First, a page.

The humerus is the only bone in the upper arm. Like many of the long bones in the body, the humerus has a proximal end, shaft, and distal end. Proximal refers to the area closest to the center of the body -- the shoulder. Distal is the end of the bone closest to the elbow.
Long bones like the humerus support a significant load while the arm carries out various functions, and has a specific internal structure. The outside of the bone has a layer of connective tissue -- the periosteum. The outer layer of the bone itself is hard and compact, surrounding an internal layer of spongy cancellous bone. The innermost medullary cavity contains the bone marrow.
The proximal end of the humerus begins with the head, which expands in all directions from the slimmer anatomical neck. On one side of the bone is the greater tubercle, a bony projection for muscle attachment. The lesser tubercle is smaller and sits closer to the center of the humerus. Between the two tubercles is the deep groove of the intertubercular sulcus. The surgical neck of the humerus lies just underneath the tubercles.
Between the proximal and distal ends of the humerus is the shaft. This section of the bone has many muscle attachment sites. A cross-section of the bone reveals the shaft is circular on the proximal end and flatter towards the distal end. Near the middle of the shaft is a rough surface -- the deltoid tuberosity -- that acts as an attachment point for the deltoid muscle. A shallow indentation, the radial groove, stretches along the back of the humerus.
Like the proximal end, the distal portion of the humerus has many unique bony landmarks. The borders or edges of the humerus make up the lateral supracondylar ridges, which have rough surfaces for muscle attachment. Just below the ridges are bony projections, the lateral and medial epicondyles. The medial epicondyle is the larger of the two and extends further. Toward the center of the humerus are the trochlea and the capitulum. The distal end is also home to three depressions: the olecranon, radial, and coronoid fossae.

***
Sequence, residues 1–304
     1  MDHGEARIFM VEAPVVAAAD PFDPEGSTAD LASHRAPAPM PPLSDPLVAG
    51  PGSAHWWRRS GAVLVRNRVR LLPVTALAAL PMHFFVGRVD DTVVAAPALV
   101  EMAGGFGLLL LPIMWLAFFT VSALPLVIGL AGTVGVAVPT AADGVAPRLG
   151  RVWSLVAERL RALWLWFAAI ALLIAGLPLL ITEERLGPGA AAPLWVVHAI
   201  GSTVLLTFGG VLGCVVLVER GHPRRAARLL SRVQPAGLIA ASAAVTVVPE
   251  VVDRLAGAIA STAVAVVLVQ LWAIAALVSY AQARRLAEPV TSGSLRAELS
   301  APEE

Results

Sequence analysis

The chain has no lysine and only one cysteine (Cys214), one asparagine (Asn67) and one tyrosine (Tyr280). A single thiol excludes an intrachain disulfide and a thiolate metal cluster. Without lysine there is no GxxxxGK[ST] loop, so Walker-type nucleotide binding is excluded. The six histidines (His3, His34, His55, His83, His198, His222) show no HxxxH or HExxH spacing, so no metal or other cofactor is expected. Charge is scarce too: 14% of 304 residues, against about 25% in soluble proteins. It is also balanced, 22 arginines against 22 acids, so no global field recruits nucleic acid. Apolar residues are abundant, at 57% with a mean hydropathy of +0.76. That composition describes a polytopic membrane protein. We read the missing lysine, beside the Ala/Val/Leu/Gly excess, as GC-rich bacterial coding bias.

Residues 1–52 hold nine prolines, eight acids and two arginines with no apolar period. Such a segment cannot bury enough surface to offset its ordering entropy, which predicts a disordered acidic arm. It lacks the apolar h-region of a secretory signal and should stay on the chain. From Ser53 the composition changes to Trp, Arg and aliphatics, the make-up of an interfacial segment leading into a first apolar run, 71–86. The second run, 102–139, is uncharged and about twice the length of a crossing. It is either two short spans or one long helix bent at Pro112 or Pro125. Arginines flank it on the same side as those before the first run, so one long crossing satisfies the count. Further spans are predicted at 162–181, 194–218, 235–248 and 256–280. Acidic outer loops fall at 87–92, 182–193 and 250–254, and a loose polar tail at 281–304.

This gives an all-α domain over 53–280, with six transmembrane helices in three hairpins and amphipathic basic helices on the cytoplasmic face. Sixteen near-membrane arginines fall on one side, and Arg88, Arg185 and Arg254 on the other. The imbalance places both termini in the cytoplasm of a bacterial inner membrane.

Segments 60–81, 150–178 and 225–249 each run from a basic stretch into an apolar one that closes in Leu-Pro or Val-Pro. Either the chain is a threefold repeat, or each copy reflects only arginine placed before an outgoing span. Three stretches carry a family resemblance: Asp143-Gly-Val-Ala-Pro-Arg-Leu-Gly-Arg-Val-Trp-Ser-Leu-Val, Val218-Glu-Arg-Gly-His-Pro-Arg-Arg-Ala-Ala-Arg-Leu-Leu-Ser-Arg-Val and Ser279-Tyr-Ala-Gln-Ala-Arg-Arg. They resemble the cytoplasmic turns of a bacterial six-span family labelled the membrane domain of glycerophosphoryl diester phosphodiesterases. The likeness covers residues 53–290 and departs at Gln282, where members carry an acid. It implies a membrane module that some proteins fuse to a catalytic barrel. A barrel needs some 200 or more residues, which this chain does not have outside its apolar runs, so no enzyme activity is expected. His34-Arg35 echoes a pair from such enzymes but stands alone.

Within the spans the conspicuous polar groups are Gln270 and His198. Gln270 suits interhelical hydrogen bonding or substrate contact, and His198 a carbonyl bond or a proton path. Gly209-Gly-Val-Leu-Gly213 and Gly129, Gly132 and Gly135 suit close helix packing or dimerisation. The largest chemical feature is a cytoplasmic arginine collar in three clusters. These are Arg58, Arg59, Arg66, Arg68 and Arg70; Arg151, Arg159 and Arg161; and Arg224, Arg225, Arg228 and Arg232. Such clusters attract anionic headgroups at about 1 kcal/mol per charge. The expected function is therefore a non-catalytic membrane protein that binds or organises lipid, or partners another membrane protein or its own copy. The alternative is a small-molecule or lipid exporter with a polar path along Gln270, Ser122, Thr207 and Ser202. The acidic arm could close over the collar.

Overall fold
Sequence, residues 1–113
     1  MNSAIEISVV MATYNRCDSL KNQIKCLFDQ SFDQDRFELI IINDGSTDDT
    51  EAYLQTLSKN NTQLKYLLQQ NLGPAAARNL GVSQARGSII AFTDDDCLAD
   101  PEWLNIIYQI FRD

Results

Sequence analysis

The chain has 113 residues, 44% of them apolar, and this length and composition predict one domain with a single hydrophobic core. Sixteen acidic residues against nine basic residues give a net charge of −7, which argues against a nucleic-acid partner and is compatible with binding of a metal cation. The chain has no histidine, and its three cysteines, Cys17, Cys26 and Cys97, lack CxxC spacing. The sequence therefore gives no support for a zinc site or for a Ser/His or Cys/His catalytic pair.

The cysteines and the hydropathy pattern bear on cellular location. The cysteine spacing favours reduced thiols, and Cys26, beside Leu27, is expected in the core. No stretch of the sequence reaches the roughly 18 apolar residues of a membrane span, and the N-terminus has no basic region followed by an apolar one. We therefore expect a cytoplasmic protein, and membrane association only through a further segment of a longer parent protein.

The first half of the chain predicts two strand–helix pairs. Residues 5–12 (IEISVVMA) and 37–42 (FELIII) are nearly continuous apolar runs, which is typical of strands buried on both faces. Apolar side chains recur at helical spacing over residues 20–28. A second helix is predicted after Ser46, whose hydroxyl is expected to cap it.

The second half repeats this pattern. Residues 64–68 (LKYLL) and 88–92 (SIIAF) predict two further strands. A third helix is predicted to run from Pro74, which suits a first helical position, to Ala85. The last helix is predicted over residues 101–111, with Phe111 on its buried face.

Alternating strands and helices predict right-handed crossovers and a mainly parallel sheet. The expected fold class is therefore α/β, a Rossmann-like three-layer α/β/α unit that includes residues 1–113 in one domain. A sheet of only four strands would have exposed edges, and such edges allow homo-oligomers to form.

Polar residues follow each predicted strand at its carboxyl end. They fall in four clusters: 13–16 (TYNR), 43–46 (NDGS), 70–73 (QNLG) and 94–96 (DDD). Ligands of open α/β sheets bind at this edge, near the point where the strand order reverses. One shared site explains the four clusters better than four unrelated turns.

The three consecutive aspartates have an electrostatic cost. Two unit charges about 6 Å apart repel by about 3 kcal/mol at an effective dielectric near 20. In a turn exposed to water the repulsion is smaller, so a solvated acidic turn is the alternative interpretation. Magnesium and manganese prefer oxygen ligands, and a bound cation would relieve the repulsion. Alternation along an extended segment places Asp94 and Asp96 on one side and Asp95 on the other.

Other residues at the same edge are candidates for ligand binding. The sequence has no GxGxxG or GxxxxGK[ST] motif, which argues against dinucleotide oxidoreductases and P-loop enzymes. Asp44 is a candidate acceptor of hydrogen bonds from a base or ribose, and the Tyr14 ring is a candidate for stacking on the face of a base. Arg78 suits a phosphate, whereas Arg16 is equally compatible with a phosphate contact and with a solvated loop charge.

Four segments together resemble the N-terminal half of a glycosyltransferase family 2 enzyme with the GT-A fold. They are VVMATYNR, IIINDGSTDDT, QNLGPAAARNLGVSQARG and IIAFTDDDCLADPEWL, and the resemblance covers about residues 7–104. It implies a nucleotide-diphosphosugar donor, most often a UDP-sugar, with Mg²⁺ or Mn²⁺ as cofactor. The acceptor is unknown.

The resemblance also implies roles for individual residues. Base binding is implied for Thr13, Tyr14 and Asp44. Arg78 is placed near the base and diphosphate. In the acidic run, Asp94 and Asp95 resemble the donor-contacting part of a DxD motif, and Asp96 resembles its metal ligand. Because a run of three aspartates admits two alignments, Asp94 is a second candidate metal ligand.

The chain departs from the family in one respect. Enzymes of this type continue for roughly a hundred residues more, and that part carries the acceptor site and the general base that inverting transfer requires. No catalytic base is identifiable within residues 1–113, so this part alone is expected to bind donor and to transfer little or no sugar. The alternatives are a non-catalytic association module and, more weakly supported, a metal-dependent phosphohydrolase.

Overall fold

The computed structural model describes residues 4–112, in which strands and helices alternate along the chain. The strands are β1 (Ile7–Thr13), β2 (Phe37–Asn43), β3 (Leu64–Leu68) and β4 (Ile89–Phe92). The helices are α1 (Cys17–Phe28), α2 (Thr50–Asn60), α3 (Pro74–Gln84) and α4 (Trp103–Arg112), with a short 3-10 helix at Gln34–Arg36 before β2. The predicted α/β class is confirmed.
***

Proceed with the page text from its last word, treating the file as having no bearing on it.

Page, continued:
The humerus forms two joints. At the distal end, it articulates or moves in concert with the radius and the ulna to form the elbow joint. Specifically, the head of the radius articulates with the capitulum of the humerus. The trochlea also articulates with the trochlear notch of the ulna. The elbow is a hinge joint, meaning that it is only capable of extending or flexing the forearm.
On the proximal end, the humerus helps form the shoulder joint, anatomically known as the glenohumeral joint, in reference to the bone sections that articulate to form it: the head of the humerus and the glenoid fossa of the scapula. Unlike the elbow, the shoulder is a ball and socket joint. This means it is capable of a much larger range of motion with much more variation. It is one of the most mobile joints in the human body, though the mobility comes at the cost of reduced stability.
Many important nerves travel along the humerus to the rest of the arm and hand. On the proximal end, the surgical neck is home to the axillary nerve, which wraps around the bone. At the shaft, the radial groove hosts the radial nerve. The distal end has a groove along the back of the medial epicondyle, where the ulnar nerve passes. Because the ulnar nerve has no bone or muscle protecting it, it is susceptible to damage. This is the cause of the electric sensation that many people refer to as striking the “funny bone.”
Many sites on the humerus act as muscle attachment sites.
During embryo development, the humerus is one of the first structures to begin ossification -- the process by which bones harden. At birth, only the shaft has undergone ossification. The head begins to ossify around four months, and the greater tuberosity begins the process at ten months. Generally, the process finishes by the time a child reaches 13 years.
Many factors lead to the humerus being one of the most-fractured bones. It is responsible for supporting all lifting activities, it lacks a supporting bone, and it is in a location prone to trauma. Fractures can occur almost anywhere on the bone, and falls are responsible for most humerus breaks. In some cases, fractures can damage or inhibit the nerves that run along the humerus. Some fractures can cause arm deformities that require surgery.
This site offers information designed for educational purposes only. You should not rely on any information on this site as a substitute for professional medical advice, diagnosis, treatment, or as a substitute for, professional counseling care, advice, diagnosis, or treatment. If you have any concerns or questions about your health, you should always consult with a physician or other healthcare professional.